Competition and eu-competition is the lifeblood of emergent order

In a recent Freakonomics podcast encore, host Stephen Dubner explores How a Bad Radio Station is like our School System.

About 5 minutes into the podcast, Dubner asks Joel Klein, former chancellor of the New York City Public School System, why the standard model of education — “25 students in a box” — hasn’t changed.

I found Klein’s answer interesting:

How many psychiatrists does it take to change a light bulb?  The answer: Only one, but the light bulb has to really want to change.

And the answer to your [Dubner’s] question is that the school system really does not want to change.  It wants more resources.

What I found interesting about Klein’s answer is that it describes organizations in general, not just education.  Businesses, charities, churches, clubs, families, associations and government organizations, once established, do not really want to change and they want more resources.

A common discussion is why private is better than public — why a business or private charity is better than a government program, for example.

For me, it’s not so much the private/public distinction that matters.  It’s the degree to which the organization is subjected to competition or eu-competition.

Aside:  I’m using eu-competition for lack of a better word (there may be a better word that’s just not coming to mind.  Let me know if you can think of one).  I got this idea of using the eu- prefix from this EconTalk podcast with Mike Munger where he talks about eu-voluntary trades.  These are trades that are voluntary, but one side has considerable more leverage than the other.

My term, eu-competition, means organizations that aren’t directly competing head-to-head with one another, but can benefit from discoveries and innovations made by other organizations.

For example, the political left often holds up fire departments as examples of good socialism at work, as if being funded by taxes is the only dimension of socialism.  What folks making this argument fail to consider is that fire departments operate in a eu-competitive environment.  While fire departments don’t compete head-to-head with each other for resources, they don’t answer to one centralized Federal Department of Fire, either.  And there are many fire departments that operate relatively independent of each other.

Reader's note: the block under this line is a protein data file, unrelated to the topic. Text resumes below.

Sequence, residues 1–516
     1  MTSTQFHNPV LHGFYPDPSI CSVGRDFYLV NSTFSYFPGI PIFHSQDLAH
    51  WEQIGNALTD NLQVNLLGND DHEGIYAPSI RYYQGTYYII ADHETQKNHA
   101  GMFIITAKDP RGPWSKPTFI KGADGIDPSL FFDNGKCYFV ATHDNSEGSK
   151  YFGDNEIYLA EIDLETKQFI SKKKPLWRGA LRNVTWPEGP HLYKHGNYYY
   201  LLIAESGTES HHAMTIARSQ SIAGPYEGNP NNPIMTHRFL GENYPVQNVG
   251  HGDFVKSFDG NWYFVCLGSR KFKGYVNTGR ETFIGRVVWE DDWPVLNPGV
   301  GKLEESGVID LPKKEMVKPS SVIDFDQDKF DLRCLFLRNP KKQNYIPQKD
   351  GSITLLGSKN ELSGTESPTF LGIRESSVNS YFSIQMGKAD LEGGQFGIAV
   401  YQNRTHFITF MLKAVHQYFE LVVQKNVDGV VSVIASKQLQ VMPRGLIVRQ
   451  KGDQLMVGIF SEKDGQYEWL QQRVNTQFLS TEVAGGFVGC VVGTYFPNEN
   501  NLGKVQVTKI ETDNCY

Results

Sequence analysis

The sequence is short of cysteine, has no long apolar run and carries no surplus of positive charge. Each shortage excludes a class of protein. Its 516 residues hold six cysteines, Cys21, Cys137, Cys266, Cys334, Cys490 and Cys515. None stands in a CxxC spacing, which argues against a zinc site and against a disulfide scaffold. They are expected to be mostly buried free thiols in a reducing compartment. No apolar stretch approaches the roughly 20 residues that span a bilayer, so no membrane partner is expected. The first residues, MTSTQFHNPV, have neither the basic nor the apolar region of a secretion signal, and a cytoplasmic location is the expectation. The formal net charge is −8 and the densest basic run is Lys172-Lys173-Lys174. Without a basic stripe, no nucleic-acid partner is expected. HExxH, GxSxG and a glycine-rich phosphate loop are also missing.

This means that there is greater natural likelihood for things to be done differently from one fire department to another.  For the most part, one way isn’t necessarily better than another.  But, every once in a while a fire department happens upon something that is better and before long, other fire departments can choose to adopt it if they too find that it can help.

I think what Klein said about education is true about most organizations — they are systems that don’t want to change.

K-12 education hasn’t had to change.  K-12 education is similar to the fire department example in my aside above, there are many school districts.

But, there is an important difference.   How K-12 education is operated is much more nationally centralized than how fire departments operate.

There is a Federal Department of Education that, as Arne Duncan, the current head of this department, admitted in the same Freakonomics podcast, has acted as a “compliance bureaucracy”.   This Department has the power of accountability through purse strings.  And, if it happens to be holding K-12 school district accountable for not changing, then they won’t change.

Further, there is a body of “education experts”, that have implicit power that they exercise through the Federal Department.

Also, people in general, believe in the one-size-fits-all education model.  I often hear people, even though they complained while going through K-12 of being forced into a box that didn’t fit them, say things like “we just need one standard and it needs to be a good one.”

So, education hasn’t really had the competitive and eu-competitive environment in which to change and evolve through natural experimentation, discovery, innovation and voluntary adoption of changing standards.

Almost every other organization — local government organizations, families, libraries, charities, clubs and businesses — operate in competitive and eu-competitive environments that do better counter act the resistance to change inherent in every organization.

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2 thoughts on “Competition and eu-competition is the lifeblood of emergent order

  1. As an aside, the European Union – my local EU – uses its own definition of competition. Good article.

  2. Pingback: The Global Search for Education: A Look at New York Public Schools «

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